Kauri and the community
A University-led education and outreach project called Te Kura O Te Kauri has spent the last month aiming to inspire over 1000 students, teachers, family and community members to become guardians of their kauri forests.
22 November 2019
This project, led by Dr Monica Gerth, senior lecturer in Microbiology, worked to introduce schoolchildren to the science and mātauranga behind forest health, and to spread awareness about stopping the spread of kauri dieback disease. It was hosted in a travelling classroom, allowing Dr Gerth and her team to take the project to several school and community sites around the Northland region.
Te Kura O Te Kauri incorporated different modules covering science, art, and mātauranga.
“Each stop also included aspects of local culture and mātauranga that was delivered by our local engagement leaders and their teams. This helped us build a special connection with the communities we visited,” Dr Gerth says.
One of the most popular modules was a virtual reality (VR) experience developed by Dr Wayne Patrick, Associate Professor of Biochemistry at Victoria University of Wellington, in collaboration with digital designer Jeff Jones, sound engineer Jimi Wilson, and Master’s student Te Amohaere Ngata-Aerengamate. Using the VR technology, students move from the crown of a kauri tree down into the soil at the microscopic scale.
For Dr Patrick, it was rewarding to see the VR in action. “Visitors engaged with the VR in so many different ways, from screaming with excitement, to reaching out to grab invisible microbes...it shows how immersive the VR is and how powerful it is as an unforgettable learning experience.”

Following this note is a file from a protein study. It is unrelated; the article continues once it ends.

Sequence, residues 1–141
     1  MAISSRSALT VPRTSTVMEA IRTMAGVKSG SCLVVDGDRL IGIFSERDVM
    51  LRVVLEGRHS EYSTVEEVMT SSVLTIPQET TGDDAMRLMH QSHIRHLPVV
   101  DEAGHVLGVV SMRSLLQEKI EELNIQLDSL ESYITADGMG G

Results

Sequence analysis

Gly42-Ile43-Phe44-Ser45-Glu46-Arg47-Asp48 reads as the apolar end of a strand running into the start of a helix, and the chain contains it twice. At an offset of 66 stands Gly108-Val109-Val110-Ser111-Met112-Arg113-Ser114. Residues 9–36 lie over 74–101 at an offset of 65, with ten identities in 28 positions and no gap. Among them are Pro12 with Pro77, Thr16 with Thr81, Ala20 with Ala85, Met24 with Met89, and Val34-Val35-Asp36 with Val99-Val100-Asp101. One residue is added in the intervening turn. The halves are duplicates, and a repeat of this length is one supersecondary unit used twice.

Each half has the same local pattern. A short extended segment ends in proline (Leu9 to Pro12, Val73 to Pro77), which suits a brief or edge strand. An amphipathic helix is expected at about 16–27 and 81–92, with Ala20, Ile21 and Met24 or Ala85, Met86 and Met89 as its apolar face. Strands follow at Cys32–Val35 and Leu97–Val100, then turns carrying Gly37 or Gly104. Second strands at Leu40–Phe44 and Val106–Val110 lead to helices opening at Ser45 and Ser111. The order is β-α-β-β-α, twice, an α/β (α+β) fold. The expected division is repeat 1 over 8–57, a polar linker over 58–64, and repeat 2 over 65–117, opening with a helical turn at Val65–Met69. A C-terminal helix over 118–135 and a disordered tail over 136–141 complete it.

Dr Gerth and her team were especially excited to take Te Kura O Te Kauri to Northland because of the shortage of science education and equipment available in rural regions.
“This classroom gives tamariki access to cutting edge scientific equipment, knowledge and resources—and the feedback has been overwhelmingly positive,” says Abigail Sucsy, Te Kura O Te Kauri coordinator. “It was awesome to see how engaged and excited the students were—they didn’t want to leave!”
Their first tour of Northland finished in early November, but Dr Gerth and her team are not planning to stop now.
“We want to continue this mahi,” says Abigail. “Our current funding ends next month, but we hope to raise enough money to visit more schools and communities. There has already been a huge amount of interest from communities we weren’t able to visit on our first tour.”
The team is following up with teachers, and also sending out study modules and equipment to be used in classrooms. While their main focus is Northland, they have run pop-up sessions in the School of Biological Sciences at the University, and are also looking in to running other pop-up events in the Wellington area.
Te Kura O Te Kauri was funded by an MBIE Unlocking Curious Minds grant, with additional support from the University. To find out more about Te Kura O Te Kauri, or to request a visit for your school or community, visit their Facebook page @kauri.classroom or their website at www.tekuraotekauri.nz.